Scoreboard roundup — 9/16/20

first_imgSeptember 17, 2020 /Sports News – National Scoreboard roundup — 9/16/20 FacebookTwitterLinkedInEmailiStockBy ABC News(NEW YORK) — Here are the scores from Wednesday’s sports events:MAJOR LEAGUE BASEBALLINTERLEAGUEWashington 4, Tampa Bay 2Oakland 3, Colorado 1Baltimore 5, Atlanta 1Miami 8, Boston 4Chi Cubs 3, Cleveland 2Arizona 9, LA Angels 6San Francisco 9, Seattle 3San Francisco at Seattle (Postponed)AMERICAN LEAGUEKansas City 4, Detroit 0N.Y Yankees 13, Toronto 2Texas 1, Houston 0Minnesota 5, Chi White Sox 1NATIONAL LEAGUESt. Louis 4, Milwaukee 2LA Dodgers 7, San Diego 5Cincinnati 1, Pittsburgh 0Milwaukee 6, St. Louis 0NY Mets 5, Philadelphia 4MAJOR LEAGUE SOCCERFC Dallas 4, Colorado 1Vancouver 3, Montreal 1Portland 1, San Jose 1 (Tie)Miami at New York City FC (Canceled)Colorado at Nashville (Canceled)Los Angeles FC at Houston (Canceled)San Jose at Seattle (Canceled)Copyright © 2020, ABC Audio. All rights reserved. Written bycenter_img Beau Lundlast_img read more

USA: San Antonio Starts Out to Complete Second Half of Sea Trials

first_img View post tag: Half View post tag: Naval Training & Education View post tag: San Antonio View post tag: News by topic USA: San Antonio Starts Out to Complete Second Half of Sea Trials View post tag: trials View post tag: Starts Out The amphibious transport dock San Antonio set sail today to complete the second half of its two-part series of sea trials…By Lauren King (Hamptonroads)[mappress]Source: Hamptonroads, June 8, 2011; View post tag: sea View post tag: usa June 8, 2011 View post tag: Second View post tag: Navy View post tag: complete Back to overview,Home naval-today USA: San Antonio Starts Out to Complete Second Half of Sea Trials Share this articlelast_img read more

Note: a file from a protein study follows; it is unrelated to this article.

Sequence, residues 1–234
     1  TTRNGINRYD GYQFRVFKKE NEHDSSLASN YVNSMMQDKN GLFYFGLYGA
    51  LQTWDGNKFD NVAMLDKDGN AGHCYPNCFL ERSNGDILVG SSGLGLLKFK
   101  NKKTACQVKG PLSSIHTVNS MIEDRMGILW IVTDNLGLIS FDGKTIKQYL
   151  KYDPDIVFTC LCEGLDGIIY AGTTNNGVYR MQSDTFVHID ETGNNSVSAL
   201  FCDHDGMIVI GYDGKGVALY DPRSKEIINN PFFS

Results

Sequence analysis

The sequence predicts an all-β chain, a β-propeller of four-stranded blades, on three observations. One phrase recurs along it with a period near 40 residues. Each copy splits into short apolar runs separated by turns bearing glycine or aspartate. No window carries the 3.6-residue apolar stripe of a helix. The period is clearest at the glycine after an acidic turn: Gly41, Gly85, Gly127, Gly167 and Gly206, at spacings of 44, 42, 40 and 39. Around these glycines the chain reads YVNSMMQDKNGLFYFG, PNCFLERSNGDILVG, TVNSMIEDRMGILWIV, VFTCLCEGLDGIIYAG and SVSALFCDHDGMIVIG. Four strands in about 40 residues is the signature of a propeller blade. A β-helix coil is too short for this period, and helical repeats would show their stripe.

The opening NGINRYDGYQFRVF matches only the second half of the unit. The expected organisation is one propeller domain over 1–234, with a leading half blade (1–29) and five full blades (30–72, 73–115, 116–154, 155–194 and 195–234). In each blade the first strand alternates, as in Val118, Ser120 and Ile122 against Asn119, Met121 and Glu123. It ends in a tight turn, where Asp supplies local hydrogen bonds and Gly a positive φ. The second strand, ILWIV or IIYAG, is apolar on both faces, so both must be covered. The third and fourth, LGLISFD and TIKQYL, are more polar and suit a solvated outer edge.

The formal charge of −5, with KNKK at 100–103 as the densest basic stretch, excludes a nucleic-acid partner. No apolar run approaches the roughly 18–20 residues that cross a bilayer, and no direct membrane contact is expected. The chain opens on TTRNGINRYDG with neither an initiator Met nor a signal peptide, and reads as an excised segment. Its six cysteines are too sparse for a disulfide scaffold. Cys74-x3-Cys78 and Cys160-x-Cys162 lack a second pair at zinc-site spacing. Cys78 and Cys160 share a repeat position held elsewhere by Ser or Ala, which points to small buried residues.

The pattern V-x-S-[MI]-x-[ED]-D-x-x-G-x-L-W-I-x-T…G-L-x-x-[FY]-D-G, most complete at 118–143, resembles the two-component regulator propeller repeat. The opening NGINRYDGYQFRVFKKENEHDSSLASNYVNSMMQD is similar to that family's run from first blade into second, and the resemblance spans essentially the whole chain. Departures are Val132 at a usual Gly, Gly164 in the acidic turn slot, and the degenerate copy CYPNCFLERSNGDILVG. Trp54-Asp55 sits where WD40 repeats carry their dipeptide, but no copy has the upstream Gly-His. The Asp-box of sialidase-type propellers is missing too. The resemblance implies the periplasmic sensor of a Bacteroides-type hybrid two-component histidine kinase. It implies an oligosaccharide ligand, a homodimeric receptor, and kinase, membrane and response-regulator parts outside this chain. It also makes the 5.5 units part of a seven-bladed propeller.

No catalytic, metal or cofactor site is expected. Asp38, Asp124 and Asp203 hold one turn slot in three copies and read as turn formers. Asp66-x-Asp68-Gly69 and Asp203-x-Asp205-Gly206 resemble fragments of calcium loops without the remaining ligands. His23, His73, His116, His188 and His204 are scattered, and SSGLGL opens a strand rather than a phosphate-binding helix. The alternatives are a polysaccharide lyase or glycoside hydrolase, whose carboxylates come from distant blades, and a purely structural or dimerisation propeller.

USI Board of Trustees Approves New Degree In Statistics, Reviews Campus Master Plan

first_imgAt its regular meeting on Thursday, March 1, the University of Southern Indiana Board of Trustees approved a Bachelor of Arts/Bachelor of Science in Statistics degree program to be offered through the Pott College of Science, Engineering, and Education. The proposed degree program moves next to the Indiana Commission for Higher Education for approval.The proposed program will support the Pott College’s commitment to prepare individuals with rigorous and diverse experiences, both within the program and across the science, technology, engineering and mathematics (STEM) fields. Students pursuing degrees in mathematics, computer science, social science, or other programs may complement their degrees with coursework or a second major in statistics.The U.S. Bureau of Labor Statistics estimates statisticians will be the ninth fastest growing occupation in the 10-year period from 2014 to 2024 with an estimated growth rate of 34 percent. Similarly, the Indiana Department of Workforce Development’s Occupational Demand Report estimates that there will be a 39 percent increase in the need for statisticians in Indiana across the same period. This ranks as the fourth largest change in the state, and the third largest change among occupations requiring a college degree.In other business, the USI Board of Trustees heard a report on the new 10-year campus master plan from SmithGroupJJR, the lead consultants on the planning team. The plan, a result of a 12-month process beginning in January 2017, ensures that near-term physical projects align with long-term goals and strategic plans.The board also approved retirements, including those of Dr. Linda L. M. Bennett, president, and Cindy Brinker, vice president for Government and University Relations. The conferral of degrees was approved for the spring 2018 Commencement Exercises on Friday, April 27 and Saturday, April 28.FacebookTwitterCopy LinkEmailSharelast_img read more